Source: Dictionary of Greek and Roman Biography and Mythology.
Aeschylus, Heliades (lost play) (Greek tragedy C5th B.C.) :
Aeschylus' lost play The Heliades or Daughters of Helius described the story of Phaethon. His sisters formed the titular chorus. Weir Smyth (L.C.L.) summarises evidence of the plot : "The Daughters of Helios dealt with the legend of Phaëthon, whose rashness in diving the chariot of the Sun, his father, caused the parching of the earth, and thereby his punishment at the hands of Zeus, whose thunderbolt hurled him into the river Eridanus. In pity for the unceasing grief of Phaëthon’s sisters, Zeus turned them into poplars, from which, it was believed, their tears oozed forth and became amber, the stone of light; a poetic fancy due to the association of êlectron 'amber' with êlectôr 'the beaming sun.' The form assumed by the myth in Aeschylus is unknown; but it is certain that Euripides in his Phaëthon differed widely from the older poet. Aeschylus was in part dependent on Hesiod for the story; but whereas Hesiod knew of seven daughters of Helios, Aeschylus recognized only three--Lampetië, Aegle, and Phaëthousa--children of the sun-god and Rhode. Furthermore he transferred to Iberia the scene of the fall of Phaëthon."
Euripides, Phaethon (lost play) (Greek tragedy C5th B.C.) :
Euripides' version of the Phaethon story diverged in certain respects from the earlier play by Aeschylus. Later accounts of the story--e.g. those of Hyginus and Ovid--are probably largely based on the content of this play.
Philoxenus of Cythera, Fragment 834 (from Pliny, Natural History) (trans. Campbell, Vol. Greek Lyric V) (Greek lyric C5th to 4th B.C.) :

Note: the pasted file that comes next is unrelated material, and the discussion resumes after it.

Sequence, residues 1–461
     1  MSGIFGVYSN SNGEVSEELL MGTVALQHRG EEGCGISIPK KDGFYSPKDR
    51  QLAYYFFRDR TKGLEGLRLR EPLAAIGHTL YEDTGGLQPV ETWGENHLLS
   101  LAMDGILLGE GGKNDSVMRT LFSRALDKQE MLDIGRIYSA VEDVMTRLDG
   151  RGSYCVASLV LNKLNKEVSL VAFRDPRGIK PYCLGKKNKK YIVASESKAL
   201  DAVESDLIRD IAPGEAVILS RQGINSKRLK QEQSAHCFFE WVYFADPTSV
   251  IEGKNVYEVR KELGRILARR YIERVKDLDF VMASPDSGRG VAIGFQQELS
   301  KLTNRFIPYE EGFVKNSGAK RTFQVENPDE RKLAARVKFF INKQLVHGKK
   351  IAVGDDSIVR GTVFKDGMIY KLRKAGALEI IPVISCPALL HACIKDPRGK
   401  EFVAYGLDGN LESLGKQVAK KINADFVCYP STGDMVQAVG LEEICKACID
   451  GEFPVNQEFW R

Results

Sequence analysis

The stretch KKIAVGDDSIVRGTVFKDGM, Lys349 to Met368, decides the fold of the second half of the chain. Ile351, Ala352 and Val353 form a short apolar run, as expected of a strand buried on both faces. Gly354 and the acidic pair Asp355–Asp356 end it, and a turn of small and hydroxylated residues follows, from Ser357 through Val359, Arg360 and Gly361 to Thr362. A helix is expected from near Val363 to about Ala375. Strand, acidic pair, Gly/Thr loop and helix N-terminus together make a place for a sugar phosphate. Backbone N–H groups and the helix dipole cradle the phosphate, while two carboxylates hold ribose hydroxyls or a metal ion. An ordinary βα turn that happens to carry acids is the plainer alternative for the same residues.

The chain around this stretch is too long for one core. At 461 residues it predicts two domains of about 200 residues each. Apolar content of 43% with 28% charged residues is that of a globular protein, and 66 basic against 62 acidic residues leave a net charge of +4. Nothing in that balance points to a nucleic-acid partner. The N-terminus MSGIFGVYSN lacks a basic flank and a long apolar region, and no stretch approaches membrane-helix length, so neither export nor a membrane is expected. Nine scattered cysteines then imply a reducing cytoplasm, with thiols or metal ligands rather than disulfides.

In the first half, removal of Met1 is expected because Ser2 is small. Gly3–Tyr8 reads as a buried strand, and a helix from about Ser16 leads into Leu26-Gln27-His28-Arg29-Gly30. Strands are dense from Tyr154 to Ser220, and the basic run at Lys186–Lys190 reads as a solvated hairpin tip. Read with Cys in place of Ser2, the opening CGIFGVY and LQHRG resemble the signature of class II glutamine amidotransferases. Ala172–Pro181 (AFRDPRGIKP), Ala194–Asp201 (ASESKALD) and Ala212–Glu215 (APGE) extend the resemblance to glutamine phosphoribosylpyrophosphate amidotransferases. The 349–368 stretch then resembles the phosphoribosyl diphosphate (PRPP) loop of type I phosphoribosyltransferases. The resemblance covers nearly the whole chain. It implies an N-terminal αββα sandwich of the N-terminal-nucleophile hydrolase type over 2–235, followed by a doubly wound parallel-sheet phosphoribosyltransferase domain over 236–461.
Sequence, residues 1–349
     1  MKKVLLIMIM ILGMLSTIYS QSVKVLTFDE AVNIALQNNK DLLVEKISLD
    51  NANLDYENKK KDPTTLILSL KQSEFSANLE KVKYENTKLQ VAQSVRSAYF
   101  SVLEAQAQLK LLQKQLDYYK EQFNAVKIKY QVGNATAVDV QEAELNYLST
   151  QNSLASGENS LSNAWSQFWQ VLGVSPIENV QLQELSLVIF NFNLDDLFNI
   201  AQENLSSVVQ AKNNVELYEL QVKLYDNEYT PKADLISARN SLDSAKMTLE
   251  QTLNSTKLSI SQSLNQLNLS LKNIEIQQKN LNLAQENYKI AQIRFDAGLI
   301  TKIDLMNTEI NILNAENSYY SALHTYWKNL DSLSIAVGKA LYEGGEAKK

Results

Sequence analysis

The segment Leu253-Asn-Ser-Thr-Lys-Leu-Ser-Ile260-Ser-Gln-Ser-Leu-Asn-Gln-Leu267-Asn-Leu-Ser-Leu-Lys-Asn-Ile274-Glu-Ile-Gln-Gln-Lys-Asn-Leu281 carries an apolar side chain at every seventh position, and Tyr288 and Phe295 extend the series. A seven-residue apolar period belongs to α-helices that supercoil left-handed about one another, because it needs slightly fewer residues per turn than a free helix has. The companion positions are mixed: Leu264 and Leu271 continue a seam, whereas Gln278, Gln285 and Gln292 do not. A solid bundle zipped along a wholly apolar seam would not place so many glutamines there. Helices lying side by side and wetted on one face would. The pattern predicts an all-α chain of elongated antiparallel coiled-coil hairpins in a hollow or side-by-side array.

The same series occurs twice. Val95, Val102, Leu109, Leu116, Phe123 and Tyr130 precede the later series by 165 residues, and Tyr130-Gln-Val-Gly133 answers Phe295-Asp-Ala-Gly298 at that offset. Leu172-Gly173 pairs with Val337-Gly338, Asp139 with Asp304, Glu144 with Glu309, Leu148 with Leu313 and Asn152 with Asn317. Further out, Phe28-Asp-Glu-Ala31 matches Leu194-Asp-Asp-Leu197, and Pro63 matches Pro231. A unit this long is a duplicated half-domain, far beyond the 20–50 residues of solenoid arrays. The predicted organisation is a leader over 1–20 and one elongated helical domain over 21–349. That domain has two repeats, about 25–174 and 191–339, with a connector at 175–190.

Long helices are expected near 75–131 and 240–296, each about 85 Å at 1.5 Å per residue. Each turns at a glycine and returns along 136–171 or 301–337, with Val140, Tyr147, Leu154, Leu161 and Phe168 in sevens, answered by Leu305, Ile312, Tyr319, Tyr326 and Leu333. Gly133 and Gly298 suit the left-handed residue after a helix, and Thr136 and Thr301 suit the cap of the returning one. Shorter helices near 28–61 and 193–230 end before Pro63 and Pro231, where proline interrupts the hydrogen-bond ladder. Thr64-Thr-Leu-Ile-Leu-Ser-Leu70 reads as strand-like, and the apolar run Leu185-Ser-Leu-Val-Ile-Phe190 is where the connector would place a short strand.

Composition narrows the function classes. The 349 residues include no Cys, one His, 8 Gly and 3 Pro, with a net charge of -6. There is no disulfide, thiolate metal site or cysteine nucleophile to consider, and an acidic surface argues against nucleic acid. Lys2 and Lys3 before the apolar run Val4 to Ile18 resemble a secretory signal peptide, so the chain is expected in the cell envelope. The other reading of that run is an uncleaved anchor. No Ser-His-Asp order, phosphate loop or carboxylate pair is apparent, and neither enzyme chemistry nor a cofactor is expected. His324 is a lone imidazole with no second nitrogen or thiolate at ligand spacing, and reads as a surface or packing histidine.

"When Phaethon was struck by the thunderbolt, his sisters were changed into poplar trees in their grief and every year shed tears of amber by the banks of the river Eridanos, which we call the Padus (Po); the amber is known as electrum, since the Sun is called Elector (elketor, the shiner). Many poets have told this."
Apollonius Rhodius, Argonautica 4. 598 ff (trans. Rieu) (Greek epic C3rd B.C.) :
"The Argo sped on under sail, up the Eridanos as far as ships can go. They reached the outfall of that deep lake where Phaethon, struck in the breast and half-consumed by a blazing thunderbolt, fell into the water from the chariot of Helios (the Sun). His wounded body smoulders to this day and sends up clouds of steam. Even the light-winged birds that try to fly across the water fail to reach the other side and with a helpless flutter plunge into the heat. All around, the Daughters of the Sun (Heliades), encased in tall poplars, utter their sad and unavailing plaint. Shining drops of amber fall from their eyes onto the sands and are dried by the sun. But when the wailing wind stirs the dark waters of the lake to rise above the beach, all the tersr that have collected there are swept by the overflow into the river."